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Valar Qringaomis

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Tuesday, December 01, 2015

What evidence is there that the shift in the Singapore government's policy on mother tongue education in the 1980's was promulgated in anticipation of China's later rise as an economic power?

Gabriel Seah's answer to Singapore: What evidence is there that the shift in the Singapore government's policy on mother tongue education in the 1980's was promulgated in anticipation of China's later rise as an economic power? - Quora

Question comments: "There are claims in some of the answers and comments in the question that LKY's mother tongue education policy was promulgated in anticipation of China's economic rise. If my memory serves me right, the debate on language policy was one over identity politics and preserving cultural values, not economic pragmatism.

Acceptable evidence would be official speeches or government statements/reports justifying the shift in mother tongue education policy from the 1980's. Ex post facto policy justifications are not acceptable."

tl;dr - hardly

Long version:
To answer this question, we need to look at documents from the time of the launch of the Speak Mandarin Campaign.

The Speak Mandarin Campaign was launched on 7 September 1979 (Speak Mandarin Campaign).

According  to the Straits Times, in August 1979, Parliamentary Secretary (Culture)  Dr Ow Chin Hock gave two reasons for the Speak Mandarin Campaign (Goal tor common language among Chinese):

-  So Chinese in Singapore could communicate with Chinese speakers in  other countries. There was also this semi-cryptic line in the report:  "the change of political and economic situations in Asia will enhance  the importance of Mandarin". This probably referred to the rise of  China, but the cagey nature of the language is puzzling.
- So students wouldn't be as  burdened in "learning the two languages". Presumably this referred to  both Mandarin and a student's "dialect" (i.e. non-Mandarin Chinese  language). This being Singapore, I doubt that letting students learn  less was a priority - especially in the 1970s. So I am inclined to think  that this was just an excuse.

Another  reason given in this article was Mandarin being "conducive to the soul  of the nation and the people". This mystical line baffles me.

Yet  another justification given for the Speak Mandarin Campaign was "to preserve the fine cultural tradition of the Chinese" (Panel set up to promote Mandarin).

Oddly enough, there are not many mentions in the Hansard (aka the Official Reports - Parliamentary Debates - Page on parliament.gov.sg).  I only got 5 hits for "Speak Mandarin" for the 4th Parliament  (1977-1980). So it seems the Speak Mandarin Campaign was not a political  measure so much as an administrative one.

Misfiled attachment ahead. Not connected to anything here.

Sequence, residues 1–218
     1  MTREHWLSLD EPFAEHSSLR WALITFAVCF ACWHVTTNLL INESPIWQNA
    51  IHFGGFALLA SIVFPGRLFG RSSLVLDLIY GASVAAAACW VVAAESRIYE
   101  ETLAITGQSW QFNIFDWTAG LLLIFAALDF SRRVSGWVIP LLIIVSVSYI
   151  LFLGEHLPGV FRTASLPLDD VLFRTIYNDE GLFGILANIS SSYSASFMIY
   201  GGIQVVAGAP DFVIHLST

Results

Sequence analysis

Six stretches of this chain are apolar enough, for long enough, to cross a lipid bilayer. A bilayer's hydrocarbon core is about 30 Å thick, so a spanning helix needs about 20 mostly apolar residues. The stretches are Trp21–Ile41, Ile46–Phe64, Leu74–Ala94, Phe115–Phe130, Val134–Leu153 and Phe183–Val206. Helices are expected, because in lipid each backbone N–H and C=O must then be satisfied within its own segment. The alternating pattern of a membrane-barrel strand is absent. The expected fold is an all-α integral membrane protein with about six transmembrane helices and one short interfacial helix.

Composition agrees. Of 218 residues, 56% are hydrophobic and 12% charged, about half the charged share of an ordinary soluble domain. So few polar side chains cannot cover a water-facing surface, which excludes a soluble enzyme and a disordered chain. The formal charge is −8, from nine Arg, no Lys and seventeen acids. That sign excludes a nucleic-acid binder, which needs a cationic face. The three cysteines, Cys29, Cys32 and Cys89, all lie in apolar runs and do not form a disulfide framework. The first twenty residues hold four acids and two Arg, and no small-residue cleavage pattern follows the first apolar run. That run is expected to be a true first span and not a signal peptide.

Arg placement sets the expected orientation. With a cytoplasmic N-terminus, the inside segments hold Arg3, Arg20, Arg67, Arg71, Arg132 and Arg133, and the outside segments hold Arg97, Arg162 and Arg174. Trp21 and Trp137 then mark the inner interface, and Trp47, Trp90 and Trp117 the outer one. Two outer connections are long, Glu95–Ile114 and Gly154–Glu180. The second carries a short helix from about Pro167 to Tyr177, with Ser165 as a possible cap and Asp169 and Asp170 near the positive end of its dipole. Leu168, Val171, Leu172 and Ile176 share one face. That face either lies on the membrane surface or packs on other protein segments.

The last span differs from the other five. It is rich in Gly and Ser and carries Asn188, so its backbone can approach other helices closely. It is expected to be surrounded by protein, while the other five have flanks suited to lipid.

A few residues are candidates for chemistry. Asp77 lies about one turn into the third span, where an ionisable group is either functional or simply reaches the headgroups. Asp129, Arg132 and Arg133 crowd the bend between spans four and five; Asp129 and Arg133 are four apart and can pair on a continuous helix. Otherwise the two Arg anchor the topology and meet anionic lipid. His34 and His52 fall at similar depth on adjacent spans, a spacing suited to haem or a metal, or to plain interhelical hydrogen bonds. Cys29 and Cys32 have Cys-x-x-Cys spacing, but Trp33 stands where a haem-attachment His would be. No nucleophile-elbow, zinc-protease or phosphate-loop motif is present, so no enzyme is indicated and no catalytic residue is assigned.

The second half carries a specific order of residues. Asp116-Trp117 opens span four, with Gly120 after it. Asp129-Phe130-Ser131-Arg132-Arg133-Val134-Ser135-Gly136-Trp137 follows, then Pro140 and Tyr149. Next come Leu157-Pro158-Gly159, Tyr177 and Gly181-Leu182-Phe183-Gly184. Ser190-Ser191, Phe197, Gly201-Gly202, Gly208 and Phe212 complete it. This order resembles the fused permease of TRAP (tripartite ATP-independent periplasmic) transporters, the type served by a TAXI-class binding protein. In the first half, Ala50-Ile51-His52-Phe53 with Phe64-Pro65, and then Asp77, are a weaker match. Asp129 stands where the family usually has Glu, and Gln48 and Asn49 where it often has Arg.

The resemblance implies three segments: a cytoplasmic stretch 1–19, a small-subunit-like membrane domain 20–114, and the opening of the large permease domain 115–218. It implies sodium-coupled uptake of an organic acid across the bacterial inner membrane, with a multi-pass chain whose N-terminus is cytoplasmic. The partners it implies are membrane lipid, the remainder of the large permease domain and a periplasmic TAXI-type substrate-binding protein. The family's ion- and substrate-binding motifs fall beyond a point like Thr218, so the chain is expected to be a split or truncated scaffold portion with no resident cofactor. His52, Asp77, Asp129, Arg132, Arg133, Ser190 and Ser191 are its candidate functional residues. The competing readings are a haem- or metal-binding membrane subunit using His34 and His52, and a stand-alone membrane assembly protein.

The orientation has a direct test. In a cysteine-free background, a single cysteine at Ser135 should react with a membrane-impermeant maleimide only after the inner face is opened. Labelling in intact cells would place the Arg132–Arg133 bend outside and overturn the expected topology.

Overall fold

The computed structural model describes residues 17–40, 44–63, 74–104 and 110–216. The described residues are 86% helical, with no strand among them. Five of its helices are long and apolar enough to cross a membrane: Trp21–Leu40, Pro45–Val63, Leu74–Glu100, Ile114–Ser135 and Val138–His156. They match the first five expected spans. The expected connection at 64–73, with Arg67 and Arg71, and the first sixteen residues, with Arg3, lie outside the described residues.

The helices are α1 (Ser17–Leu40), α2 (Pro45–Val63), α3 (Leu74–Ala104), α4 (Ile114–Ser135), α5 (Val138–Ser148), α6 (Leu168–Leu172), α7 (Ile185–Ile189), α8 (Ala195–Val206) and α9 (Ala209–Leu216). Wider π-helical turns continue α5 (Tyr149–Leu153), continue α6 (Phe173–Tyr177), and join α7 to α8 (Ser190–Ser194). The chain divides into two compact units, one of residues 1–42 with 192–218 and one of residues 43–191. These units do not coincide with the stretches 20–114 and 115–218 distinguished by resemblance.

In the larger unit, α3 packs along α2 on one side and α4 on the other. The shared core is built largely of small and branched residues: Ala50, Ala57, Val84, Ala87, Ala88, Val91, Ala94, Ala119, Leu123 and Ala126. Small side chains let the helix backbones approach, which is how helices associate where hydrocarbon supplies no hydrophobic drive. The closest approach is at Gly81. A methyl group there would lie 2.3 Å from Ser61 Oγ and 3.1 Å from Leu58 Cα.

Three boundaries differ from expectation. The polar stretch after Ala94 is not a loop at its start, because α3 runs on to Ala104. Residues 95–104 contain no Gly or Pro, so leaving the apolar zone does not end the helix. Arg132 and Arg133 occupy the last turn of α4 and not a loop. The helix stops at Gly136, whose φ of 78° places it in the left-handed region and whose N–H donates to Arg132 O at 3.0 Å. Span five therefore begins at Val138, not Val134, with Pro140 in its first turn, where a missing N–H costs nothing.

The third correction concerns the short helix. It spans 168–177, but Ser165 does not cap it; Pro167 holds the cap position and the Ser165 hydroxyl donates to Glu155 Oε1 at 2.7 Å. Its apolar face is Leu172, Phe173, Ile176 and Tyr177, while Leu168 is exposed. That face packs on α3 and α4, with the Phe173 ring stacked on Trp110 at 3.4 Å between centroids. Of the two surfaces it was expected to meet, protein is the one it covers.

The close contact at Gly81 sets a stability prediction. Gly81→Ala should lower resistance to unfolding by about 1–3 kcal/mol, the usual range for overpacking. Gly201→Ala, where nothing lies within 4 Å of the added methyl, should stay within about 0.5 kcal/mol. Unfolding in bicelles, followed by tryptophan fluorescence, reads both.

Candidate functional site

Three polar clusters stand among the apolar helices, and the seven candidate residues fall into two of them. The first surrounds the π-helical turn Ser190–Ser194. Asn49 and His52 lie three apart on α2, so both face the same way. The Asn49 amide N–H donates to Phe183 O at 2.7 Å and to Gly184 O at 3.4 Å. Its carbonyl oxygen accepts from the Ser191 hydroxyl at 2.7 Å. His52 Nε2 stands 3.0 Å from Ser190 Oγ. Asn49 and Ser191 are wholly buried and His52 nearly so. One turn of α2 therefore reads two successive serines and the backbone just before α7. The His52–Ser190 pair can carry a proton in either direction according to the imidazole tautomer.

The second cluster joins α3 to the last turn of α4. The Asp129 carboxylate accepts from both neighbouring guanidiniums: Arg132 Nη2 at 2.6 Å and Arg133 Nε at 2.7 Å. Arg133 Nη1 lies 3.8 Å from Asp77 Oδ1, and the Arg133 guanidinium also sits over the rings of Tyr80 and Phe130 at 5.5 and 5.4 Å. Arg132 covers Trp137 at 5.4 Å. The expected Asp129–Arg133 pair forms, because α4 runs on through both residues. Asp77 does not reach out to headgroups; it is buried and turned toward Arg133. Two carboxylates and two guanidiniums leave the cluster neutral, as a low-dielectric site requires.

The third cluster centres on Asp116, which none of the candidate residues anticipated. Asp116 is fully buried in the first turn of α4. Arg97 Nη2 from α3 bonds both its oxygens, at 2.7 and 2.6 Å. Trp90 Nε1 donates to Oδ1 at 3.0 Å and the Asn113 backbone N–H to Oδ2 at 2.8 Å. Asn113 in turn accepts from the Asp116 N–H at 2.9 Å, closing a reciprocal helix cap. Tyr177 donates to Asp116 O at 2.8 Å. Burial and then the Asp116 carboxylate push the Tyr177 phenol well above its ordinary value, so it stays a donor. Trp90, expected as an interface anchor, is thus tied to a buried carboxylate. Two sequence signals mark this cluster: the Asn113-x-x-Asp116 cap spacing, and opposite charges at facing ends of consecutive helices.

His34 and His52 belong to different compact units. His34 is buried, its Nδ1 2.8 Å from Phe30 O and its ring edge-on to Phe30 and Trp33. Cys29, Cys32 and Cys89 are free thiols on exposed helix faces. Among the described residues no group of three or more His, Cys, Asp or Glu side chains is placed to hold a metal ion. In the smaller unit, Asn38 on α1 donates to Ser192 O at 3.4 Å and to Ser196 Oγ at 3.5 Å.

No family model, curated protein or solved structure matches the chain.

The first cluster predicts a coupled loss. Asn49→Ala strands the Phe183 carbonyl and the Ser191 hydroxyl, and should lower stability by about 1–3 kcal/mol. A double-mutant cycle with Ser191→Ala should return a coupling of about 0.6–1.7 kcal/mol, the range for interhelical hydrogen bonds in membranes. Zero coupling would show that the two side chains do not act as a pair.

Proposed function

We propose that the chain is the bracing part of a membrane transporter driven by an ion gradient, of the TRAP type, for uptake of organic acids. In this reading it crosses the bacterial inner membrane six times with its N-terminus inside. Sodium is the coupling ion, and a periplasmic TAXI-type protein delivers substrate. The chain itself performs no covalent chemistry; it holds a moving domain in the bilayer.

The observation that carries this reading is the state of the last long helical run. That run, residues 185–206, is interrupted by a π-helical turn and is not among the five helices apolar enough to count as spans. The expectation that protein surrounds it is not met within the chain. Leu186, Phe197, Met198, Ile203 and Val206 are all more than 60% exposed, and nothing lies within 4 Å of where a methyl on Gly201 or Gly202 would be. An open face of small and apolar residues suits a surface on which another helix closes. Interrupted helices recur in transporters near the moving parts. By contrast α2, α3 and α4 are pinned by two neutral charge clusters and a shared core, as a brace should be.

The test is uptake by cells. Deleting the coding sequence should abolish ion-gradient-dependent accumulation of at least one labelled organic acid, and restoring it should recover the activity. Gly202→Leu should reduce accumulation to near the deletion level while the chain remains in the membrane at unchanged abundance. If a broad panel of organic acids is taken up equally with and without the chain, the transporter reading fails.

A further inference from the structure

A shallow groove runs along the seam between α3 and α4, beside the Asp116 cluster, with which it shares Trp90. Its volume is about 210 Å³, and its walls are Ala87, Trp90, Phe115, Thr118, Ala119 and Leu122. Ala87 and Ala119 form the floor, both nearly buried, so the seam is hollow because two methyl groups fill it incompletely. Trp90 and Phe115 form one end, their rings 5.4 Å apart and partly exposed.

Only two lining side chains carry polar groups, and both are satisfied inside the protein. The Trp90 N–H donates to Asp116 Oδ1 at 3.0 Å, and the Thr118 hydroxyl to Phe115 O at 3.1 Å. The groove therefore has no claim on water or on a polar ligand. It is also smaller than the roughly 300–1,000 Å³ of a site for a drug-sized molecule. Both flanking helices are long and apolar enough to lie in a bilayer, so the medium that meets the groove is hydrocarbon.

Above  all, what is evident is that the Speak Mandarin Campaign cannot be  looked at in isolation.

The Speak Mandarin Campaign was implemented because of the  lukewarm success of the Bilingual Policy, as summarised in 1979's Report  on the Ministry of Education 1978 (aka the Goh Report; summary:  http://eresources.nlb.gov.sg/his...,  full report:  http://www.nas.gov.sg/archiveson...).

Young Chinese Singaporeans were not effectively bilingual, because they  did not speak either English or Mandarin (the 2 languages they were supposed to be bilingual in) at home. Furthermore, with industrialisation as well as the rise of English-medium schools, "mother tongues" like Mandarin were becoming less prestigious. The solution was to promote the use of Mandarin.

The question we need to answer, then, is if there is evidence that the Bilingual Policy was promulgated in anticipation of China's later rise as an economic power.

According to the Goh Report, the objective of the bilingual policy was, according to MOE at the time, "to build a cohesive multi-racial society" (page 51/112 of the report).  Unfortunately there isn't any indication of what this might mean or entail. And the Handard of the first Parliament (during which the Bilingual Policy was promulgated) doesn't talk about its aims.

Fortunately Patrick Ng (http://www.apu.ac.jp/rcaps/uploa...) elaborates that language policy enables the state's CMIO (Chinese, Malay, Indian, Other) classification, as each heterogenous ethnic community can be defined by one single language (i.e. if all ethnic Chinese speak Mandarin they can be treated alike). The policy also reduces the gap between the English- and vernacular-educated. In addition, one's mother tongue is supposed to be a cultural anchor against "excessive Westernization" and "deculturalization".

In short, improving links with China were an afterthought (at best) in the promulgation of the Speak Mandarin Policy.
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